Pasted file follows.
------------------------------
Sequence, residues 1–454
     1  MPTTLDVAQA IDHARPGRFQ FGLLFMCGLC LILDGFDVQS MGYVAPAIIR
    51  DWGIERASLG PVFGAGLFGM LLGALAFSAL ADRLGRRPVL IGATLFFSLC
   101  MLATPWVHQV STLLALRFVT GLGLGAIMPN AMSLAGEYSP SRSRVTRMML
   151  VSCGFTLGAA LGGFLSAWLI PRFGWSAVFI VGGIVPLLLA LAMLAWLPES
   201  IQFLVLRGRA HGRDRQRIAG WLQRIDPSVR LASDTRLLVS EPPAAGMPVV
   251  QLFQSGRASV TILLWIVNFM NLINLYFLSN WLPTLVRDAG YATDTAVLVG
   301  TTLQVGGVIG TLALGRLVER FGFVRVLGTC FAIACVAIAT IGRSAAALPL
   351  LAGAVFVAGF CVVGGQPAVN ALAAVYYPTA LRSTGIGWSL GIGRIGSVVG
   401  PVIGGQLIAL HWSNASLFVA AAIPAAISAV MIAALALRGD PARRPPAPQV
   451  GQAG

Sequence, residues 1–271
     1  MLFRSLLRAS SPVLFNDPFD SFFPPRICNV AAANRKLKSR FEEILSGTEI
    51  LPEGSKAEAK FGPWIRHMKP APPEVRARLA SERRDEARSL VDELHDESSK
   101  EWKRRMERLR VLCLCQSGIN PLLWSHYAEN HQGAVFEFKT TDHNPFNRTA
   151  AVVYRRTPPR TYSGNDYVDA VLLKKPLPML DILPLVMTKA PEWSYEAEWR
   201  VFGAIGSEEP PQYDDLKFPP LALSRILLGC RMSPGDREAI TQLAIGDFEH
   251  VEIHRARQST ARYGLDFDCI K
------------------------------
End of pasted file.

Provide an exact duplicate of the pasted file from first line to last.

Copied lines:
Sequence, residues 1–454
     1  MPTTLDVAQA IDHARPGRFQ FGLLFMCGLC LILDGFDVQS MGYVAPAIIR
    51  DWGIERASLG PVFGAGLFGM LLGALAFSAL ADRLGRRPVL IGATLFFSLC
   101  MLATPWVHQV STLLALRFVT GLGLGAIMPN AMSLAGEYSP SRSRVTRMML
   151  VSCGFTLGAA LGGFLSAWLI PRFGWSAVFI VGGIVPLLLA LAMLAWLPES
   201  IQFLVLRGRA HGRDRQRIAG WLQRIDPSVR LASDTRLLVS EPPAAGMPVV
   251  QLFQSGRASV TILLWIVNFM NLINLYFLSN WLPTLVRDAG YATDTAVLVG
   301  TTLQVGGVIG TLALGRLVER FGFVRVLGTC FAIACVAIAT IGRSAAALPL
   351  LAGAVFVAGF CVVGGQPAVN ALAAVYYPTA LRSTGIGWSL GIGRIGSVVG
   401  PVIGGQLIAL HWSNASLFVA AAIPAAISAV MIAALALRGD PARRPPAPQV
   451  GQAG

Sequence, residues 1–271
     1  MLFRSLLRAS SPVLFNDPFD SFFPPRICNV AAANRKLKSR FEEILSGTEI
    51  LPEGSKAEAK FGPWIRHMKP APPEVRARLA SERRDEARSL VDELHDESSK
   101  EWKRRMERLR VLCLCQSGIN PLLWSHYAEN HQGAVFEFKT TDHNPFNRTA
   151  AVVYRRTPPR TYSGNDYVDA VLLKKPLPML DILPLVMTKA PEWSYEAEWR
   201  VFGAIGSEEP PQYDDLKFPP LALSRILLGC RMSPGDREAI TQLAIGDFEH
   251  VEIHRARQST ARYGLDFDCI K